According to a Zogby international poll released on Monday, nearly two-thirds of the public are opposed to the current proposal in Congress to have the Food and Drug Administration (FDA) regulate tobacco products.
The poll found that 65% of U.S. adults oppose the proposed legislation -- supported by Philip Morris and by anti-smoking groups such as the Campaign for Tobacco-Free Kids (TFK) -- which would give the FDA limited regulatory authority over tobacco products. Nearly half of the public (47%) stated that they strongly oppose the legislation.
The results of this poll conflict sharply with those of a poll commissioned by the Campaign for Tobacco-Free Kids, which reportedly showed that 70% of American voters support the proposed FDA tobacco legislation.
Pollster John Zogby concluded: “These poll results show Americans want the Food and Drug Administration to concentrate not on tobacco, but rather on policing our food supply and our medicines. This is even more evident given that these poll results came before FDA Chairman Andrew von Eschenbach reiterated his opposition to FDA regulation of tobacco. At a time when a significant majority of American adults say they are unhappy about the direction of the nation and are questioning the competence of the federal government to carry out its current responsibilities, the poll shows little appetite among informed adults to make big changes to the tobacco regulatory scheme.”
The Rest of the Story
In several previous posts, I have explained why the Campaign for Tobacco-Free Kids' poll represents junk science at its worst (post #1; post #2; post #3). Briefly, the TFK polls assessed general attitudes about the public's support for regulation of tobacco products, but did not measure actual support for the specific provisions in the actual legislation that is being considered. In particular, the TFK polls did not ask voters how they feel about the myriad provisions in the bill which limit the ability of the FDA to take action to protect the public -- provisions which were inserted specifically to protect the financial interests of Philip Morris, a key negotiator at the table when the deal was struck with TFK.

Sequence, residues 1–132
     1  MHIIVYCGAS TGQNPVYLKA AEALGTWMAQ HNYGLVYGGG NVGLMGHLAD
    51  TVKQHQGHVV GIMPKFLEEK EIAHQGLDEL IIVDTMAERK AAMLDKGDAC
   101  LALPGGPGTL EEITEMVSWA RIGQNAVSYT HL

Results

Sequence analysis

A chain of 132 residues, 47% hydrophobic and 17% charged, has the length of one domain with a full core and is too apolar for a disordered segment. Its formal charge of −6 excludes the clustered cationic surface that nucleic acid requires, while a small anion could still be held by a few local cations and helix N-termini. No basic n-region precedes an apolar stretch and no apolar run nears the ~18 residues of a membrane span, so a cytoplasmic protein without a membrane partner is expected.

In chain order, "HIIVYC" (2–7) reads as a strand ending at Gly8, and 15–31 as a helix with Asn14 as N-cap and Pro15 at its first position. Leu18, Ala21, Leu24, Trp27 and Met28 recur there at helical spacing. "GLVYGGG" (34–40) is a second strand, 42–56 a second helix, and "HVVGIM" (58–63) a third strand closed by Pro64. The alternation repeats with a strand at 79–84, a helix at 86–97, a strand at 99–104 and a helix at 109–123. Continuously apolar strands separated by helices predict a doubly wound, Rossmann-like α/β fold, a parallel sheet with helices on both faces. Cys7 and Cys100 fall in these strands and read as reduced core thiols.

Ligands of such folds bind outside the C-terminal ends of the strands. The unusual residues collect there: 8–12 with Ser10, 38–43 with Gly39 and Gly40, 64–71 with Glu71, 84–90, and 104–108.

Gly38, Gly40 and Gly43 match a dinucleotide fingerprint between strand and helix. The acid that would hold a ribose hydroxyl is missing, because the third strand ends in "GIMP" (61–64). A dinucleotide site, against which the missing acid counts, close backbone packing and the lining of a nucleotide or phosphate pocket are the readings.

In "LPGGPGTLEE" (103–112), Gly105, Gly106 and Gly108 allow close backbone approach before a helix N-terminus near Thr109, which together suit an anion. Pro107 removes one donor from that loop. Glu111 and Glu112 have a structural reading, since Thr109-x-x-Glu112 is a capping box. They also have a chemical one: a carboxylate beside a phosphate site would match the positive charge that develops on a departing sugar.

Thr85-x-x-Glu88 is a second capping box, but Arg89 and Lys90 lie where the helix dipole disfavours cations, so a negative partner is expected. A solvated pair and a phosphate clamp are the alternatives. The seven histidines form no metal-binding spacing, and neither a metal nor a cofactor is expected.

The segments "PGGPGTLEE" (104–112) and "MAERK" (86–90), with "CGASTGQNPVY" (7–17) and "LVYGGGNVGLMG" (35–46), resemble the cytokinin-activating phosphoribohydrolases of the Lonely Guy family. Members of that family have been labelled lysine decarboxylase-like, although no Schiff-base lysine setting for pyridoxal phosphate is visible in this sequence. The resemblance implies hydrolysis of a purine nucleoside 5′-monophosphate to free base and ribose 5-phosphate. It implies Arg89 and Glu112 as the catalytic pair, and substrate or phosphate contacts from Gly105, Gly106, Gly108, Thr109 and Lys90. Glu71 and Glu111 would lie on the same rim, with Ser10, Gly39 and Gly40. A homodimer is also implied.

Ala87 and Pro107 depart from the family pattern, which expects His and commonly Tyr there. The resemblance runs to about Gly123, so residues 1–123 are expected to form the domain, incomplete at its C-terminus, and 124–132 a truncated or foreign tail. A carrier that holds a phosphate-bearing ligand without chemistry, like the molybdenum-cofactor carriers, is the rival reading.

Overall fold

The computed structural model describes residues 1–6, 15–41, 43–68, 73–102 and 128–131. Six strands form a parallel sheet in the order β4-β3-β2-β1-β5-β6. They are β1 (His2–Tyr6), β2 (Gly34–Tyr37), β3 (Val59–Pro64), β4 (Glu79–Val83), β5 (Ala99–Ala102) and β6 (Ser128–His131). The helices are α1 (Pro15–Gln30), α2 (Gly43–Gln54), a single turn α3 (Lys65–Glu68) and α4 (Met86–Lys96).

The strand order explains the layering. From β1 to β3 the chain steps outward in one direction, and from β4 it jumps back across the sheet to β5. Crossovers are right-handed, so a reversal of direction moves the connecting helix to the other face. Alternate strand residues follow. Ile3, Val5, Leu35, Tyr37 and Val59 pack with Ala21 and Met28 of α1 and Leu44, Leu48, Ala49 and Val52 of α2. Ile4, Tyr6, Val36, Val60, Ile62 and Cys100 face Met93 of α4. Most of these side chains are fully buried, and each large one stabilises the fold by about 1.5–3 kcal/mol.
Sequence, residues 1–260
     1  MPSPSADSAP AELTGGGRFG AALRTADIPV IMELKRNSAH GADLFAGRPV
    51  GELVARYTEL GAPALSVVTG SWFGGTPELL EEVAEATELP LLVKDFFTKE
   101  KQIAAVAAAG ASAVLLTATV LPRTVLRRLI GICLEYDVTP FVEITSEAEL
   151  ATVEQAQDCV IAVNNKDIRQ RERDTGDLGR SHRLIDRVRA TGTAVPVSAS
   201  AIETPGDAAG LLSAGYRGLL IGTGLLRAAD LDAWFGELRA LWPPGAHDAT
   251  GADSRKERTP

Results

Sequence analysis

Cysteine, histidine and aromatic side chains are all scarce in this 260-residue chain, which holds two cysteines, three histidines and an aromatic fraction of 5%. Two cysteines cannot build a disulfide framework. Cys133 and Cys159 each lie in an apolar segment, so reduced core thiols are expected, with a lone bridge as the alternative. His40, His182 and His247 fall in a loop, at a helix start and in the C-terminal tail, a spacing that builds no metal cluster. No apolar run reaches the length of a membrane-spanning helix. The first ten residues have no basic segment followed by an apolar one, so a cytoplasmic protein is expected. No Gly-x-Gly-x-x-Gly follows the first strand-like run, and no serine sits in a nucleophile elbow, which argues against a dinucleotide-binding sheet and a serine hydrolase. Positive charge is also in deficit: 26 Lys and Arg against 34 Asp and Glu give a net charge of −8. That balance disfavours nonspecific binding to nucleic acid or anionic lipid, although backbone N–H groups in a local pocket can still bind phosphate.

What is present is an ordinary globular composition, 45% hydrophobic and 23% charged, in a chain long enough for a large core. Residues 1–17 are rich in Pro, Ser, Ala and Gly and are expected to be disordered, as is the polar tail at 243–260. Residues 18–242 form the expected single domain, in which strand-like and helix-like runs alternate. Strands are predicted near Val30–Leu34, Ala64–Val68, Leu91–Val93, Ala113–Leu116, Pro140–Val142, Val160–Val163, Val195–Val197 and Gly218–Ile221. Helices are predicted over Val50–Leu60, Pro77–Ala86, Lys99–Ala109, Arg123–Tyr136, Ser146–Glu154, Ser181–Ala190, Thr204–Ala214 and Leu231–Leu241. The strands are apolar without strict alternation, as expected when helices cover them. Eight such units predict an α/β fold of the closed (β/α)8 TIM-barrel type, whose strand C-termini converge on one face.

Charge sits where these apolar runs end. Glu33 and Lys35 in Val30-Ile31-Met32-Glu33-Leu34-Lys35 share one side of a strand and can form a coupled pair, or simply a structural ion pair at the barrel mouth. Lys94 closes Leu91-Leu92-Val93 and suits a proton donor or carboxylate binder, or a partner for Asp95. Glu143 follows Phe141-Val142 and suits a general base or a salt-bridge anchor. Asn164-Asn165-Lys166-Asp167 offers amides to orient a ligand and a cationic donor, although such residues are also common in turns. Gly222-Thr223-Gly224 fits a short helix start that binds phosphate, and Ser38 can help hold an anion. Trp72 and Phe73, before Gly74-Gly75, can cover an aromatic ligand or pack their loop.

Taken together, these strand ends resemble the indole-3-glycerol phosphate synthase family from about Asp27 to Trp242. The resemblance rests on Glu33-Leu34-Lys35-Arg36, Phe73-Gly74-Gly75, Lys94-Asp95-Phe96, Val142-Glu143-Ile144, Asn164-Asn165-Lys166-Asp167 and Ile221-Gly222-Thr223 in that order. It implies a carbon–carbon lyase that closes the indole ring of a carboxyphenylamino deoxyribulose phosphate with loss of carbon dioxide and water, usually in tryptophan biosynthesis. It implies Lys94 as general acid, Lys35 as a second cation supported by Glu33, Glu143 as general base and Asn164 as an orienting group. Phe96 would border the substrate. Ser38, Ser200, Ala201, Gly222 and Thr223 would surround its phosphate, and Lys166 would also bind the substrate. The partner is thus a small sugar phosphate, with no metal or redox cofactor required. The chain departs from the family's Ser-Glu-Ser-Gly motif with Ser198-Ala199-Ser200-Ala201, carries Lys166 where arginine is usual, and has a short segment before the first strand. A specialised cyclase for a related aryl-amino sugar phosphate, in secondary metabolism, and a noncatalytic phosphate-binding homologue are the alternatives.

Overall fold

I previously opined that the TFK polls represented junk science, and that if questions were asked in a more complete and more specific way, vastly different responses would be obtained. The Zogby International poll confirms that this is indeed the case.
The Zogby poll didn't even inform voters about the specific provisions of FDA legislation. It obtained overwhelming opposition to the proposal merely by reminding the public that the FDA is charged with the responsibility to regulate the safety of the nation's food and drug supply. Can you imagine the results one would obtain if one were to actually inform people about the truck-size loopholes in the bill which are there for the sole purpose of protecting the financial interests of Philip Morris?
What I find so disturbing is not the Campaign for Tobacco-Free Kids' support for this Philip Morris protection legislation, but its misrepresentation of the facts and its wildly misleading propaganda in support of the legislation.
By stooping to the level of junk science, the tobacco control movement has lowered itself to the level of the tobacco companies. And ironically, in a so-called effort to prevent misrepresentation of facts to the public, the Campaign for Tobacco-Free Kids is relying upon exactly that to promote the legislation.
I guess it goes to show: if you can't beat 'em, join 'em.